The St. Lawrence Project
It was July 1st, 1958, Canada's 91st birthday. On that historic day, Canadians gathered coast to coast for the usual rounds of parades, memorials, fireworks and general revelry. There was much to celebrate. The economy was booming, times were good and there was an exciting sprit of optimism in the air. In Ontario, Canada's most populous province, residents had even bigger things to celebrate. They were about to be treated to a spectacle of huge magnitude - the opening of one of the most amazing engineering feats ever undertaken by man - the St. Lawrence Seaway.
The years following the Second World War had brought a huge wave of prosperity to all of North America. For those still struggling with the all too recent memories of war rationing and the great depression, pent-up demand along with the baby boom unleashed a torrent of spending, the likes of which had never been seen before. Manufacturing was at an all time high and to keep up with the seemingly endless demand for more and more products, the need for an abundant source of hydroelectric resources was essential. The vast St. Lawrence River was targeted to fulfill that need.
During Ontario's early days, the St. Lawrence River was the earliest navigable route or 'highway' into the Great Lakes, its smooth flow broken only by the mighty Long Sault Rapids just west of Cornwall. Once into the Great Lakes system, ships could travel onward into the interior of Canada or southward into the United States. Navigators had been wrestling with the Long Sault for hundreds of years. Fierce and formidable, they dropped thirty feet over a span of three miles. At the end of the drop, the water poured into small channels that encircled a group of islands, shooting up a plume of spray a hundred feet into the air. Only a highly skilled mariner would dare to challenge the mighty Long Sault.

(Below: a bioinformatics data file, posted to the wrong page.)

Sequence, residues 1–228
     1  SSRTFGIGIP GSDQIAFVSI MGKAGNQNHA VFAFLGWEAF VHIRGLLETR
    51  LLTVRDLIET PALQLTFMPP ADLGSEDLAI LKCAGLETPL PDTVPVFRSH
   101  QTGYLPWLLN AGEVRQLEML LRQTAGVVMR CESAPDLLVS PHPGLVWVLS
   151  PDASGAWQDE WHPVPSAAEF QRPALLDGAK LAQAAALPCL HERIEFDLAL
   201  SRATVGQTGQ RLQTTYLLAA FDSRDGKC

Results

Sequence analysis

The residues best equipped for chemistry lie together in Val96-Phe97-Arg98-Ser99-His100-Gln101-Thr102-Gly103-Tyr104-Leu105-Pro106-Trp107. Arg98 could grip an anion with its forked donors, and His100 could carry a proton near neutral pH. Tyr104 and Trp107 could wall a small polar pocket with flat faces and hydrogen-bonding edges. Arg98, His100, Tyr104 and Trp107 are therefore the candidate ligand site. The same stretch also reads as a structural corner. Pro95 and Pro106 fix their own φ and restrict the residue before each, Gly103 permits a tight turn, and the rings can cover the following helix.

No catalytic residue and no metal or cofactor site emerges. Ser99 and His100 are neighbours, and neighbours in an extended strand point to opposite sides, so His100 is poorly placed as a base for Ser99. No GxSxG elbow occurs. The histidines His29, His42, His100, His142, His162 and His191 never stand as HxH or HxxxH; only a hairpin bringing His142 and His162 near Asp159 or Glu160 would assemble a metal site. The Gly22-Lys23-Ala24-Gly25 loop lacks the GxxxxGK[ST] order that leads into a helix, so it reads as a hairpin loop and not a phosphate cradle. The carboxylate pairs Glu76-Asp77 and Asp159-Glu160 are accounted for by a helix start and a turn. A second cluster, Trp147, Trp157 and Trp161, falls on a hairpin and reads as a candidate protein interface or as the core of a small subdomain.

Although the rapids couldn't be tamed, they could be circumvented. The first series of canals to bypass the rapids began to open in 1783. In 1834, construction began on the Cornwall Canal. When it was finally completed in 1842, the canal extended inland from Cornwall to Dickinson's Landing and could handle vessels up to 186 ft. long. Between 1876 and 1904, the canal was enlarged even further. By 1900 Lake Superior was finally connected to Montreal through a series of shallow canals via the Welland canal. Improvements to the canal were ongoing and continued until around 1940.
The arrival of the twentieth century brought escalating demands for greater sources of power and the newly formed Ontario Hydro began to take a more serious look at the St Lawrence River. If it could only be dammed and harnessed, it had the potential to become a vast source of seemingly unlimited hydroelectric power. Exploration of the project began as early as 1913. In 1924 a Joint Board of American and Canadian engineers embarked on a two-year study, which culminated in a recommendation for bilateral Canadian-American development. An International Treaty was signed in 1932 but the U.S. Senate refused to ratify it. In 1941 there was another attempt to get the project rolling. Once again it was stymied, this time by the U.S. Congress. The project was put on the backburner until after the end of the Second World War.